Like other Iain Crichton Smith stories, The Painter, The Telegram and Mother and Son, this story takes place in a small, rural village.
We can deduce from the name of the main character, Murdo, and references to peat, porridge, the sea and the
The Daily Record newspaper that this is a small Highland, coastal community.
Murdo is a bachelor. The morning after Halloween he finds formerly green front door has been repainted red. He is puzzled as to why anybody would do such a thing.
He recollects the previous evening, and giving treats to the children of the village, who had worn beautifully painted Halloween masks.
As the story continues, more of Murdo’s character is revealed. He is well liked because he conforms to the codes and expectations of the village:
However, the newly painted door awakens something in Murdo and he begins to question the quality of his life. He notes that no other house has a red door. He wonders if he may even be thrown out the village, now that he is different.
He reflects on his one attempt at romance with a local spinster, a stout girl who lived with her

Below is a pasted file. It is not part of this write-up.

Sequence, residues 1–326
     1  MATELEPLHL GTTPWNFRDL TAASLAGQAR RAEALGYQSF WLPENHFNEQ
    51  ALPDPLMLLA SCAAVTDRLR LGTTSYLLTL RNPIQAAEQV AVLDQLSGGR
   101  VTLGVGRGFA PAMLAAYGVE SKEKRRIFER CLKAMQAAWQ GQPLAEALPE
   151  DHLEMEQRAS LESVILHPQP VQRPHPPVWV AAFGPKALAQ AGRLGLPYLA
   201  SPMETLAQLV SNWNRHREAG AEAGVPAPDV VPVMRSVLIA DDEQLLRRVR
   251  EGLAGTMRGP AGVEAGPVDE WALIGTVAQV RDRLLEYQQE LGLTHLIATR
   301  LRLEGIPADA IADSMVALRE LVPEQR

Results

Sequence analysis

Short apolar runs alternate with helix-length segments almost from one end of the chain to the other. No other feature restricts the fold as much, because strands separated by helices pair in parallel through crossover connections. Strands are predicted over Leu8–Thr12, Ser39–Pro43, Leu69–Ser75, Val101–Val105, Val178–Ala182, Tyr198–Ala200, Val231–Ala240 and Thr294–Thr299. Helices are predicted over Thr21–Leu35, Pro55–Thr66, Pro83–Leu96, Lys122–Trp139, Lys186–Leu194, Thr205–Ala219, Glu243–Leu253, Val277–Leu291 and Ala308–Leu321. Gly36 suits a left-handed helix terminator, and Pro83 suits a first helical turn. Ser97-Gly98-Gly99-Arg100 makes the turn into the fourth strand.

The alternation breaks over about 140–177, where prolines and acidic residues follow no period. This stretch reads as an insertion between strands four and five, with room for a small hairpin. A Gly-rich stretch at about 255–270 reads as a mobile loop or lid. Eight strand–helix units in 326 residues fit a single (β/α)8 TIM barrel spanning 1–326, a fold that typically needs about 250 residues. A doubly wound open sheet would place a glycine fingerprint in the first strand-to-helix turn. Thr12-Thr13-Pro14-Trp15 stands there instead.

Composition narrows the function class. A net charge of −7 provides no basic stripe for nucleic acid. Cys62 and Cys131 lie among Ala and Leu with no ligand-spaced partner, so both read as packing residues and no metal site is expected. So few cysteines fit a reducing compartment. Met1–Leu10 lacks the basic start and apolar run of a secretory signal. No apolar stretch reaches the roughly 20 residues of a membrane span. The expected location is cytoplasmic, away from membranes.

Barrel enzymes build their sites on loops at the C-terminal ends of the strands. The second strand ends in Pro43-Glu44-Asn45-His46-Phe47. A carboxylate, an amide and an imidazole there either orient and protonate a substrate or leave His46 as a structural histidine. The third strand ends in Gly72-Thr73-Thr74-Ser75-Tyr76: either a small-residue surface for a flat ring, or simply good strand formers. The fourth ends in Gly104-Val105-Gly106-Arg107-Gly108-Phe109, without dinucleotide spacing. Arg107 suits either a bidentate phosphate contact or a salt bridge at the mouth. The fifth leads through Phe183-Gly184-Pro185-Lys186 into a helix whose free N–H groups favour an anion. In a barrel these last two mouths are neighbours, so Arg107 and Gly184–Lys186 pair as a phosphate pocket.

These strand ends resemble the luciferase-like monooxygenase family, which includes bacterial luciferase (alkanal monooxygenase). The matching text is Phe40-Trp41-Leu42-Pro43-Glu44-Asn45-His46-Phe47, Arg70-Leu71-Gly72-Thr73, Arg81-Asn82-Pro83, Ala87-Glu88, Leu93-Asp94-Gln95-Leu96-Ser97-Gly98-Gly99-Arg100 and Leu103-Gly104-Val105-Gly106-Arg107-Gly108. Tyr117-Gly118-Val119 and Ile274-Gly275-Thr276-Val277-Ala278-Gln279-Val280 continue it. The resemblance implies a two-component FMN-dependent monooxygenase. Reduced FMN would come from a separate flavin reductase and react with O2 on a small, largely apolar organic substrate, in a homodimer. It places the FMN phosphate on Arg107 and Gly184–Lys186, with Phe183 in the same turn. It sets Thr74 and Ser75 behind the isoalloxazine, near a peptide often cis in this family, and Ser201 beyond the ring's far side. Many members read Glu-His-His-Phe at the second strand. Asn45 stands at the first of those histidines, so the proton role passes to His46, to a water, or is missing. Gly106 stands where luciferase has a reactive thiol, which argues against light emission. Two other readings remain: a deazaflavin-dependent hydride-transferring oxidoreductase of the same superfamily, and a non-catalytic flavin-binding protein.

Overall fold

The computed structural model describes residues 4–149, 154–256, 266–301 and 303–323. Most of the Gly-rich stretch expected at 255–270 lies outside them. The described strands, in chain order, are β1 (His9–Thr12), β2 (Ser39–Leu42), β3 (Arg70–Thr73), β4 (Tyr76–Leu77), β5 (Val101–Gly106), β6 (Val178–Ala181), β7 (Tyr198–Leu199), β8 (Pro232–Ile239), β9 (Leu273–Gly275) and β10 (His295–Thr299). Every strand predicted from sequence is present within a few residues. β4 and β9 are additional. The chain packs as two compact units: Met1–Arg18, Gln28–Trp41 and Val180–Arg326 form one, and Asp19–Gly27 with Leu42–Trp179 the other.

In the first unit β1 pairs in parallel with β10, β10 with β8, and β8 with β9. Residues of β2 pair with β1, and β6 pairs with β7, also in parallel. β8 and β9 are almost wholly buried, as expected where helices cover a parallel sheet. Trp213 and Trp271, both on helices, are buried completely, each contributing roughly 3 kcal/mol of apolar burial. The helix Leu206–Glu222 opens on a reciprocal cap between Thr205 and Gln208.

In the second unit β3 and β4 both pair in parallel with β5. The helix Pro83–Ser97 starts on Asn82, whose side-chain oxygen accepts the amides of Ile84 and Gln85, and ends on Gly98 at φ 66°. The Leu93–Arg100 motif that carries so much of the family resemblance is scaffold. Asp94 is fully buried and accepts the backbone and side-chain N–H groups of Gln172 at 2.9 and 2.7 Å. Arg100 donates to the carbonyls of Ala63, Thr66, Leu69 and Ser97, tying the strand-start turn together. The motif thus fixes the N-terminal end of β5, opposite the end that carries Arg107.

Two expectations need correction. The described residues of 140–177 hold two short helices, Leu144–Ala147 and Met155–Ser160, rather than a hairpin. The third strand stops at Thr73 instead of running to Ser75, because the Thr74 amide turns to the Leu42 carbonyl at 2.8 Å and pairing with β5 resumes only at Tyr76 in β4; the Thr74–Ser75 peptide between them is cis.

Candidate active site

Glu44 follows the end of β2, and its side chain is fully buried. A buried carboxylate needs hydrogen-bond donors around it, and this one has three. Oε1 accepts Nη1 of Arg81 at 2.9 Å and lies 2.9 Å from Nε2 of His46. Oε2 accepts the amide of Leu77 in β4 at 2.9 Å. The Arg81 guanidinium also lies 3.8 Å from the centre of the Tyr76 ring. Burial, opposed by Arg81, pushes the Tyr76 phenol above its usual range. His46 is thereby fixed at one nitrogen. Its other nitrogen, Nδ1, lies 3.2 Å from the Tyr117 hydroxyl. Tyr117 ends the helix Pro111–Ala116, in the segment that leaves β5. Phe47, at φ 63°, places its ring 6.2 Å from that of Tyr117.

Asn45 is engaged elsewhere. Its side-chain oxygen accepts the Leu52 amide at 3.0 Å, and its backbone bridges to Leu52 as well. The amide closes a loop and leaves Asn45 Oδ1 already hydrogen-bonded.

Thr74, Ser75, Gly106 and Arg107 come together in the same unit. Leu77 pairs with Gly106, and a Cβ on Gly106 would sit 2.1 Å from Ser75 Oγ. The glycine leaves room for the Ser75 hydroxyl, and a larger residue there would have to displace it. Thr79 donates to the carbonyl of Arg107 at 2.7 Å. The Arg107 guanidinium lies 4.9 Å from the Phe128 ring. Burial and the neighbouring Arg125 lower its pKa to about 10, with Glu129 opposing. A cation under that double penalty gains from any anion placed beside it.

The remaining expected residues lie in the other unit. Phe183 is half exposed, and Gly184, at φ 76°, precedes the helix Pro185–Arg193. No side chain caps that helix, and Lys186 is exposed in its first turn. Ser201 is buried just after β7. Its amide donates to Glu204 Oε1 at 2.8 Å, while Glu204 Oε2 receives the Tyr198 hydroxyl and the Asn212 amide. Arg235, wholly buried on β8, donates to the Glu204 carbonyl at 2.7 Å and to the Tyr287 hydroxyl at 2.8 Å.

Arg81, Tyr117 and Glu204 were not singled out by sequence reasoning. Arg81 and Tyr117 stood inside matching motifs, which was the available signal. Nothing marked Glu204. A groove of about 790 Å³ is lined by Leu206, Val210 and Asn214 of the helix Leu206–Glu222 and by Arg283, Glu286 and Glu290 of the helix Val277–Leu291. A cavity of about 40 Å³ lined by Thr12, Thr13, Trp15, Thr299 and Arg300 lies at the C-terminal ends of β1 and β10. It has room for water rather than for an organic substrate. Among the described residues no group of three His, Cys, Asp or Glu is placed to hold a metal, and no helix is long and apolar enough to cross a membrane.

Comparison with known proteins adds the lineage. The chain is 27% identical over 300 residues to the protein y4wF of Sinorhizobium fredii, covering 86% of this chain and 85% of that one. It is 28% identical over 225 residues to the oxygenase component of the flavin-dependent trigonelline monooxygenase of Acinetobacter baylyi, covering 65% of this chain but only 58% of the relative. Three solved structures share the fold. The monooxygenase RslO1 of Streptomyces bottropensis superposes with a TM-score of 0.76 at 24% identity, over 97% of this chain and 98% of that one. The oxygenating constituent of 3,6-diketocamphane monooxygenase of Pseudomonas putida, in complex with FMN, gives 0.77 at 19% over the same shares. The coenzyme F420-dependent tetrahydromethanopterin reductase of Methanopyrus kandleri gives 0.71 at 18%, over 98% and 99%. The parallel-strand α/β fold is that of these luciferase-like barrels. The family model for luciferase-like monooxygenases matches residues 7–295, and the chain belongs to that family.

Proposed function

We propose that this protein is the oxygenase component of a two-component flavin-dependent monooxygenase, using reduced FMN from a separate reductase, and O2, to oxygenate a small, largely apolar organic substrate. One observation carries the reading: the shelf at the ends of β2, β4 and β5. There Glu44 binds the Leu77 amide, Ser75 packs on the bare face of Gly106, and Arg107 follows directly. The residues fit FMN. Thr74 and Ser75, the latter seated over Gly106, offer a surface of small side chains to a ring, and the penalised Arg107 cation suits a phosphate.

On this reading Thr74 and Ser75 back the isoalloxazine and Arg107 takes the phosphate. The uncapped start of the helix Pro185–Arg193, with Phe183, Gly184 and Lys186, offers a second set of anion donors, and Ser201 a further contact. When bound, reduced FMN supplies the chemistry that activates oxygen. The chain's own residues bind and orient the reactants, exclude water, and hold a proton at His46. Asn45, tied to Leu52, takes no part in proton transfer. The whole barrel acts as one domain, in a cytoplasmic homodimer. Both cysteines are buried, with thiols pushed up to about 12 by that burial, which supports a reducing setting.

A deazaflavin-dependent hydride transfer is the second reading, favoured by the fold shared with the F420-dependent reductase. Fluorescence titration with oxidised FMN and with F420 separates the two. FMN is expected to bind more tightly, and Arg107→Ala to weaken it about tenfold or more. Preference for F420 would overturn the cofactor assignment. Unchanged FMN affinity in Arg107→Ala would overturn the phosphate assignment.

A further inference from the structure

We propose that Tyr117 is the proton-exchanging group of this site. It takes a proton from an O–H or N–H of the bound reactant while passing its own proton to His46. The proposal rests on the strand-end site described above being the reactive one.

grossly religious mother. The relationship ended after she cooked him a meal of cocoa and salt herring, a diet he refers to as so
ferocious that he
could not look forward to its repetition with tranquillity.
Murdo gazes at the door as though he was viewing a priceless piece of art and experiences
strange flutterings. He notes the almost loving way the door had been painted. Gradually a link between the door and a local spinster named Mary is formed.
Like the door, Mary’s clothes are often red. She has been known to paint fantastically creative masks for the children and she often likes to walk in the village at night.
Mary is different from the rest of the villagers. Unlike Murdo, she has never sought their approval or tried to conform. She reads books and writes poetry and is distant from the others.
Her intellect has led her to be considered odd. Murdo himself had a less than ideal experience of schooling. He took longer to learn to speak than other children, was mocked at school sports and was poor academically. However, unlike the other villagers, he is impressed by Mary’s creativity and love of literature.
As the village begins to wake, Murdo realises that he has never really been himself. Instead he has
always sought to hide among other people.
He reconsiders his place in the village. Gradually a sense of excitement builds in him. After eating his breakfast, he steps out of his newly painted door once more. He makes his way towards Mary’s house. The story ends with him knocking purposefully on her door.